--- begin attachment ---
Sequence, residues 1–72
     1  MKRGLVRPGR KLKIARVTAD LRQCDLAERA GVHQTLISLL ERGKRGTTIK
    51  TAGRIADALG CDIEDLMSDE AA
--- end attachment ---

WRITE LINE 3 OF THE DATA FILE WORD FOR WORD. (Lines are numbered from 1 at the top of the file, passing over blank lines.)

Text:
    51  TAGRIADALG CDIEDLMSDE AA